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(Portions reprinted from A Brief History, Lake of the Woods Historical Society)

Lake of the Woods County was organized on November 28, 1922 when a vote by area residents separated the northern townships from Beltrami County. On January 1, 1923, the county officially began operations at its county seat in Baudette.

The history of the Lake of the Woods region began in 1688 when Jacques De Noyon came from Three Rivers, Quebec to become the first white man to view the waters. Prehistorical evidence dates back more than 5,000 years, perhaps extending back 10,000 years to ancient people who followed the retreating glacial ice into the area.

Following Jacques De Noyon’s arrival in 1688, there are no known expeditions to the Lake of the Woods area until Pierre La Verendrye came with a party of more than 50 men in 1732. La Verendrye found northern Minnesota populated by Cree, Monsonis, Assiniboine and Sioux Indians. The Ojibwe had not yet pushed as far west as Lake of the Woods. The La Verendrye party was a victim of Indian warfare when Father Aulneau and 19 other men were massacred on an island in the lake by the Sioux war party which had set out to attack a Village of Cree. Today there are two islands on the lake which are identified as Massacre Island. Each has its supporters for being the site of the Massacre. History for the next 75 to 100 years was characterized by the onset of the voyageurs and rivaling fur trading companies.

In 1823, members of the International Joint Boundary Commission arrived on the lake. They had been appointed to establish the border between Canada and the United States as it had been designated in the treaty which ended the Revolutionary War. One of the most difficult points of contention was the establishment of the most northwesterly point on the Lake of the Woods. The Commission found a point which they claimed was the most northwesterly spot. However, the surveyors from the two nations differed on just where they had located the spot. The dispute continued for the next century and the final agreement was not signed until the 1920’s. The end result was that the U.S. retained possession of the Northwest Angle. As the United States’ most northerly point (before the admission of Alaska), the Northwest Angle became Lake of the Woods County’s most famous piece of real estate.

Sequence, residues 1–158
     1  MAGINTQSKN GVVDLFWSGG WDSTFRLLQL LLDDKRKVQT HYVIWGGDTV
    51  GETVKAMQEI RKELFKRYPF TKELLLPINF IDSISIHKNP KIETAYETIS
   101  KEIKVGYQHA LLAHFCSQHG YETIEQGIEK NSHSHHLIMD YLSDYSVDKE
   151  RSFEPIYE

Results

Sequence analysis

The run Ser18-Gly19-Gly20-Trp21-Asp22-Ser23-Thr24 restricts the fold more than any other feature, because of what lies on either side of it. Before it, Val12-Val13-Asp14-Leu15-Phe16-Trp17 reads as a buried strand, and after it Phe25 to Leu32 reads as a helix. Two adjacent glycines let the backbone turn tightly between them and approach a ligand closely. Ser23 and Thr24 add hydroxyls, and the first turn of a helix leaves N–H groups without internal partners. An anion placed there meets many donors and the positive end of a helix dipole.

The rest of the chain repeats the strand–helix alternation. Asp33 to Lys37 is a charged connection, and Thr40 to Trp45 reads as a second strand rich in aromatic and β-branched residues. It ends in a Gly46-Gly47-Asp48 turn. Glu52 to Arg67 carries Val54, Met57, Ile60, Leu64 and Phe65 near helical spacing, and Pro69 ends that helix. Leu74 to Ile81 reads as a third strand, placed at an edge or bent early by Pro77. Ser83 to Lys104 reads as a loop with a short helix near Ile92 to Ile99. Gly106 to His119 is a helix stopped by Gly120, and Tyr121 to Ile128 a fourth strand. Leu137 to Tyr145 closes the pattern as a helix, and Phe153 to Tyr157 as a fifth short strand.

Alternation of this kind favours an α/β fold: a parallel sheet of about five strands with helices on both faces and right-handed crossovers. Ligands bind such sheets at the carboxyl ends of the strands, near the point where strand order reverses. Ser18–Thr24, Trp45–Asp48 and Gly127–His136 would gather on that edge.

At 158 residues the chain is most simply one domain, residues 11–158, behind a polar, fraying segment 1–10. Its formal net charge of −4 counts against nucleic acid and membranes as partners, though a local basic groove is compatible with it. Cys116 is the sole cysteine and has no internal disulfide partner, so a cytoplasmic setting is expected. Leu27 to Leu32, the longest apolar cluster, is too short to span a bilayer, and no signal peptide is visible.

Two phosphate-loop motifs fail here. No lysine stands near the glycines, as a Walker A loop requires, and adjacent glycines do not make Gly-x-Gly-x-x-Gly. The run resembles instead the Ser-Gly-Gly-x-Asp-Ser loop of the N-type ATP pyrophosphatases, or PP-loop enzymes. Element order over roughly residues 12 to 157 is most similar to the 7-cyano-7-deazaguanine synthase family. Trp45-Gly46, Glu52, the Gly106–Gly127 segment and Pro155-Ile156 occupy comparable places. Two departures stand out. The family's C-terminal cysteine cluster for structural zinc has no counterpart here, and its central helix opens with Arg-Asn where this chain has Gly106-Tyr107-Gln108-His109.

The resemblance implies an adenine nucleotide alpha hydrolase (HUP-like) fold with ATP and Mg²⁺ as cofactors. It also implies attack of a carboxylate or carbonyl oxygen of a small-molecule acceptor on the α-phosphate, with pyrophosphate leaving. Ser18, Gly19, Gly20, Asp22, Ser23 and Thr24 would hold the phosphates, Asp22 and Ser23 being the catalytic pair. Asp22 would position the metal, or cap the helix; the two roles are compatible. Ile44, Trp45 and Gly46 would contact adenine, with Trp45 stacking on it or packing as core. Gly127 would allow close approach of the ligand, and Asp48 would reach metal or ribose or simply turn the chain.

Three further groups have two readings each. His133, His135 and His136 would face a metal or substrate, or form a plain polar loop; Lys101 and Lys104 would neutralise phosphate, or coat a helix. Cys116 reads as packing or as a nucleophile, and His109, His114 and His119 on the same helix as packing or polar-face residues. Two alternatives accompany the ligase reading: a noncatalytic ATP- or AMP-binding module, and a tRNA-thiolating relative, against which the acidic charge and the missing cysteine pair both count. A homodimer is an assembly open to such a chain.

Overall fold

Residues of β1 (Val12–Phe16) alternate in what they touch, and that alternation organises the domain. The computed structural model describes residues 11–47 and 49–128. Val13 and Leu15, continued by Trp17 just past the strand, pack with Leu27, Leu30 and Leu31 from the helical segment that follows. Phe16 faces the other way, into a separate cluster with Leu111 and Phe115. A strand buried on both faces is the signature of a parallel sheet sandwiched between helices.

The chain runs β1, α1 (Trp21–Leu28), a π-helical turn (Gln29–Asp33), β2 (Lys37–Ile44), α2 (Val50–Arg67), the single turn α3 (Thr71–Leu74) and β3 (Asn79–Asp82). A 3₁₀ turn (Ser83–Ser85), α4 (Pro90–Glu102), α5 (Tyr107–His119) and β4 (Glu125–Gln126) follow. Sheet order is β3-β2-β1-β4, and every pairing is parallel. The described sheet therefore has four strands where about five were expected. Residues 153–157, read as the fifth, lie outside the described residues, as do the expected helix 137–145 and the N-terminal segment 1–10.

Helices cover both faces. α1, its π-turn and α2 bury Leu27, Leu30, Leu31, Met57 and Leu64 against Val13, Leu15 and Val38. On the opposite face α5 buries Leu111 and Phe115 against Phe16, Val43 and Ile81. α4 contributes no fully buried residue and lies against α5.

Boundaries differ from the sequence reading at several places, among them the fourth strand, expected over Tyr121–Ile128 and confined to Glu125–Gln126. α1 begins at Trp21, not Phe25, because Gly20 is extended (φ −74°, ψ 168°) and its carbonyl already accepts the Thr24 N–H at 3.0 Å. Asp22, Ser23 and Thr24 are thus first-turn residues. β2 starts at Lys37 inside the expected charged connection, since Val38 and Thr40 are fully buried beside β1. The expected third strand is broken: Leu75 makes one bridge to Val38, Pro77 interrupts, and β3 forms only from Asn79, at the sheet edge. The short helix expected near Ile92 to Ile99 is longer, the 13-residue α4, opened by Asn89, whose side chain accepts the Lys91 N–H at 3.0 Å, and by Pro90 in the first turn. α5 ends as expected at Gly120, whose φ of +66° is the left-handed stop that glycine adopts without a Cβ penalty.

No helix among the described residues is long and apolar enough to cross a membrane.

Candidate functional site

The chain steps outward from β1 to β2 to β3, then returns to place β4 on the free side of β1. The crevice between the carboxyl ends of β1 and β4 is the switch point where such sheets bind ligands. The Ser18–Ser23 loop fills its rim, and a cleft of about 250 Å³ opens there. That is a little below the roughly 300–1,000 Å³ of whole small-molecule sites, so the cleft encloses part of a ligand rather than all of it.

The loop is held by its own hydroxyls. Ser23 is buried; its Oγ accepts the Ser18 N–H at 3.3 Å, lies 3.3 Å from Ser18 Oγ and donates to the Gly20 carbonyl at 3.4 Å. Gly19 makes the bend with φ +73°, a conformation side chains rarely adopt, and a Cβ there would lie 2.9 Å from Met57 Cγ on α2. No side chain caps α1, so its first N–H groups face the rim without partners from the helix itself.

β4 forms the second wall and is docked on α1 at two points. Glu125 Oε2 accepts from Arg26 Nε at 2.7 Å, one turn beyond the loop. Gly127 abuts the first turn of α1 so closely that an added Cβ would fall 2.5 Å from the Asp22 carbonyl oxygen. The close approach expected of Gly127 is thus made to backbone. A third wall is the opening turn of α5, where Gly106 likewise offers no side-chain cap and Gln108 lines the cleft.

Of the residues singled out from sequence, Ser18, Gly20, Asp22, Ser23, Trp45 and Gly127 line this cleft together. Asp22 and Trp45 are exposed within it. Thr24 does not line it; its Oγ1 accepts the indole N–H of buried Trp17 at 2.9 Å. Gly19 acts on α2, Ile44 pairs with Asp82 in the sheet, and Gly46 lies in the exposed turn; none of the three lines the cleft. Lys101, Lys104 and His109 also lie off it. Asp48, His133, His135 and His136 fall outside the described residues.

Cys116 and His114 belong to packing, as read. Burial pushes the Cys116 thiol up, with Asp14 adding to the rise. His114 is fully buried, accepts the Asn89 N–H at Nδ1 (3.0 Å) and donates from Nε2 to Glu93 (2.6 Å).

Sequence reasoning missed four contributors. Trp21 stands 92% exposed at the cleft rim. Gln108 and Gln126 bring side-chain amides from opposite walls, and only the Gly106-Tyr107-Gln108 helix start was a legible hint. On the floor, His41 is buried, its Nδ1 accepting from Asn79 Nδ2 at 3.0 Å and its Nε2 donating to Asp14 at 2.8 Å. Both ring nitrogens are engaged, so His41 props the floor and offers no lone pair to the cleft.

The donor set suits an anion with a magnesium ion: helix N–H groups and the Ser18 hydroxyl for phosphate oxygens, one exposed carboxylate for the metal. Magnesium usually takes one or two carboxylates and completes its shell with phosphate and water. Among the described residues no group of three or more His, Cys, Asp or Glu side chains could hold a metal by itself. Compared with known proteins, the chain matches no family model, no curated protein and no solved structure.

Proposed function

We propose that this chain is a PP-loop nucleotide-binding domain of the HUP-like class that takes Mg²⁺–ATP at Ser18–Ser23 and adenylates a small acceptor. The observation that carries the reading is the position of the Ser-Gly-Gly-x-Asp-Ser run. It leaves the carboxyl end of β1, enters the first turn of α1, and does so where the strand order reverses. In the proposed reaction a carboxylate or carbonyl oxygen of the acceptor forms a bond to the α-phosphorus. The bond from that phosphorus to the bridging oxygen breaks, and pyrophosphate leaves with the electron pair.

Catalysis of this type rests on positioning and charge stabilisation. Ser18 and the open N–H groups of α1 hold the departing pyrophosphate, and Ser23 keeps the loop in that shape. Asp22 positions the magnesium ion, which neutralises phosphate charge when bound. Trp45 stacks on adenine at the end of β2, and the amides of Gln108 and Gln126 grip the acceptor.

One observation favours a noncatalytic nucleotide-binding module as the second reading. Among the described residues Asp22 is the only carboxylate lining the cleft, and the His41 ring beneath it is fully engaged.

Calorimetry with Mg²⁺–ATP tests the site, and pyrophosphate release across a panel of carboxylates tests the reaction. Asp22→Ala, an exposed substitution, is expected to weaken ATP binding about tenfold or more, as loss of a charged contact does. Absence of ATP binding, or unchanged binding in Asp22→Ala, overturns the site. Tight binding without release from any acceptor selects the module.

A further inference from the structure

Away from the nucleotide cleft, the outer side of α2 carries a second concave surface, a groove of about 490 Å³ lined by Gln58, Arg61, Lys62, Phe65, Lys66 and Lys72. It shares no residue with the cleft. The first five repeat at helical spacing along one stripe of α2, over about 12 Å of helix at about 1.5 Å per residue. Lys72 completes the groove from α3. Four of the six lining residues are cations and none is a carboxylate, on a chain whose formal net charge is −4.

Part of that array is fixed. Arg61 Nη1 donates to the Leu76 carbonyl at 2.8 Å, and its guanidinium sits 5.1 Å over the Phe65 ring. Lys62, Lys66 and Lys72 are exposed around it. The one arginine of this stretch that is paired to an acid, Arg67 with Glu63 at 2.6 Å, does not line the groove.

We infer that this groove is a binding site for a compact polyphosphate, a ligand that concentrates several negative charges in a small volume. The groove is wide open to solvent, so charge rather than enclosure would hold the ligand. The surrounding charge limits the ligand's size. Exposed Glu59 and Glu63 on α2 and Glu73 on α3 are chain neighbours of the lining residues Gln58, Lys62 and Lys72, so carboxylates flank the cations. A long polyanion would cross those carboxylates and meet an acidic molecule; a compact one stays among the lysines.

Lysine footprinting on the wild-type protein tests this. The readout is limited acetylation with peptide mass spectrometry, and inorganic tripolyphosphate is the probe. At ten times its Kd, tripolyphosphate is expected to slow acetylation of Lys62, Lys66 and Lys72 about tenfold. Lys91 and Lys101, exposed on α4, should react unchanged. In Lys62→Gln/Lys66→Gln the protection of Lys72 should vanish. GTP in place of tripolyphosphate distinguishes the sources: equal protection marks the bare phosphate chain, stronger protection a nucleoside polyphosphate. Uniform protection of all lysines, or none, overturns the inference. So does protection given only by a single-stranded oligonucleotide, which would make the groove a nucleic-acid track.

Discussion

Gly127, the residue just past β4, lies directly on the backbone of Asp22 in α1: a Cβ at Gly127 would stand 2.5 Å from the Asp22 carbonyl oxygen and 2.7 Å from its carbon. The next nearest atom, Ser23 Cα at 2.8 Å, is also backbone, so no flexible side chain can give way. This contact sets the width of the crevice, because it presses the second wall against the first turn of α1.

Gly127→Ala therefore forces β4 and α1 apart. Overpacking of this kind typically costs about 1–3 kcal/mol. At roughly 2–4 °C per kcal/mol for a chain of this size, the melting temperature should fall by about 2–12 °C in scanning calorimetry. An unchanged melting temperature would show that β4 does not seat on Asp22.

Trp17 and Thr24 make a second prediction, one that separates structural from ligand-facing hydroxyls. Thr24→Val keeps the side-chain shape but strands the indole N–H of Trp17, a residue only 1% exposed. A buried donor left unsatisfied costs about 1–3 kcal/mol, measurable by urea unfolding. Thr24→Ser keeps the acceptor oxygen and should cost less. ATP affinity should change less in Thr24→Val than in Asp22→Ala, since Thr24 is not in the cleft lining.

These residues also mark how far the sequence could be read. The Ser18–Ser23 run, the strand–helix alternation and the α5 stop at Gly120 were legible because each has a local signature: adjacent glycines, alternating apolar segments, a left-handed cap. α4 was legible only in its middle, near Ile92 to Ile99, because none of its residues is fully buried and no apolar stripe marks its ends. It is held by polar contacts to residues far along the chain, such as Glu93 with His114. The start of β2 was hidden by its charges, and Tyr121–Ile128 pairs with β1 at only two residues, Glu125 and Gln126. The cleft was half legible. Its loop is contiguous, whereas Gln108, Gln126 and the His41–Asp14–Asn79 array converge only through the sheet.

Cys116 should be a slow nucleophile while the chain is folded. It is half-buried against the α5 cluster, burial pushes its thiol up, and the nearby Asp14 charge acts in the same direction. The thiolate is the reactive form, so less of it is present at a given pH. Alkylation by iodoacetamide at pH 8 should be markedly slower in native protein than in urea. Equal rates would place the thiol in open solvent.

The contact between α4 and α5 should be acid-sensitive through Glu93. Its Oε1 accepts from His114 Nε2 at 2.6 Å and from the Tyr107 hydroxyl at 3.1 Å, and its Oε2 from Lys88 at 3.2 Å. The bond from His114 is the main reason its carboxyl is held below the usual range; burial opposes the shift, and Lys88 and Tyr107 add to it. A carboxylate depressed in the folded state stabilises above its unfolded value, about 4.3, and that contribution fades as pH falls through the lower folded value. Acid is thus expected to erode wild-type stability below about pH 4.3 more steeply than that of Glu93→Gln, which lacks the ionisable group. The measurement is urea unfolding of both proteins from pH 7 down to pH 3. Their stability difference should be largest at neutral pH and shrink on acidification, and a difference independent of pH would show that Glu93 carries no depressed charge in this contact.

In 1885, the county area got its first permanent settler when Wilhelm Zippel settled on the south shore of the Lake of the Woods at Zippel Bay. He was a German immigrant who worked as a fisherman. Later in that same year, Alonzo Wheeler settled at Wheeler’s Point at the mouth of the Rainy River. Thomas Cathcart came to the border area in 1891 and later joined Joe Beaudette, a trapper who would later give his name to the town of Baudette. In 1901 William Mason and George Williams followed the railroad track roadbed to stake claims at the site which would grow into the community of Williams.

Baudette and Spooner became incorporated villages in 1906. Spooner, informally referred to as East Baudette, took its name from Judge Spooner of Bemidji, who had been instrumental in obtaining the incorporation papers for the town.

On October 4, 1910, a disaster struck the Lake of the Woods area. A forest fire which started east of Williams burned most of the northern half of the county and left 43 people dead. After recovering from the fire, the county experienced another settlement boom. Within the decade following, nearly every 160 acre plot was claimed. Most of these settlements have now disappeared and have been reclaimed by the wilderness.

In November of 1922, the vote for separation from Beltrami County was carried. Local residents had been dissatisfied with the services they had been receiving from Beltrami County in exchange for their tax dollars. The difficulty in making the two or three day train trip to the county seat contributed to this feeling. However, a small population, combined with the Great Depression a few years later, caused financial problems from the start.

Spooner and Baudette combined in 1954, and the courthouse was moved across the bay to the old Spooner school, ending years of squabbling over which town should be the county seat. The courthouse continues to be housed in this building today, with the addition of a new Law Enforcement Center in 1983.

The attractions of Lake of the Woods County are much the same as they were when the pioneers came to settle – fishing, hunting, forest, water, clean air and land. The pioneer spirit which enabled people to overcome the hardships of a wilderness still survives today. May we be wise enough to recognize those factors which make for the quality of life in Lake of the Woods County and prudent enough to preserve and expand them.